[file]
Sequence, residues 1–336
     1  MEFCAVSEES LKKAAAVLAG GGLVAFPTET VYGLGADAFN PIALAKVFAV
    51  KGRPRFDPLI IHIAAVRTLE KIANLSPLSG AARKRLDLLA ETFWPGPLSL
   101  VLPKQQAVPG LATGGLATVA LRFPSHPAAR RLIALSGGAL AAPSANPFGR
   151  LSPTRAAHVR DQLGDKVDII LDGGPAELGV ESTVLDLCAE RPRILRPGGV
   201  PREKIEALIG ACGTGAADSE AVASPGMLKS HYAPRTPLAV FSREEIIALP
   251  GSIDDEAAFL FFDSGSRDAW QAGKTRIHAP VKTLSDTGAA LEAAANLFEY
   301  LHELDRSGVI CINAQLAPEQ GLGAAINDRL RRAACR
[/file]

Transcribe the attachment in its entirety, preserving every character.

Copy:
Sequence, residues 1–336
     1  MEFCAVSEES LKKAAAVLAG GGLVAFPTET VYGLGADAFN PIALAKVFAV
    51  KGRPRFDPLI IHIAAVRTLE KIANLSPLSG AARKRLDLLA ETFWPGPLSL
   101  VLPKQQAVPG LATGGLATVA LRFPSHPAAR RLIALSGGAL AAPSANPFGR
   151  LSPTRAAHVR DQLGDKVDII LDGGPAELGV ESTVLDLCAE RPRILRPGGV
   201  PREKIEALIG ACGTGAADSE AVASPGMLKS HYAPRTPLAV FSREEIIALP
   251  GSIDDEAAFL FFDSGSRDAW QAGKTRIHAP VKTLSDTGAA LEAAANLFEY
   301  LHELDRSGVI CINAQLAPEQ GLGAAINDRL RRAACR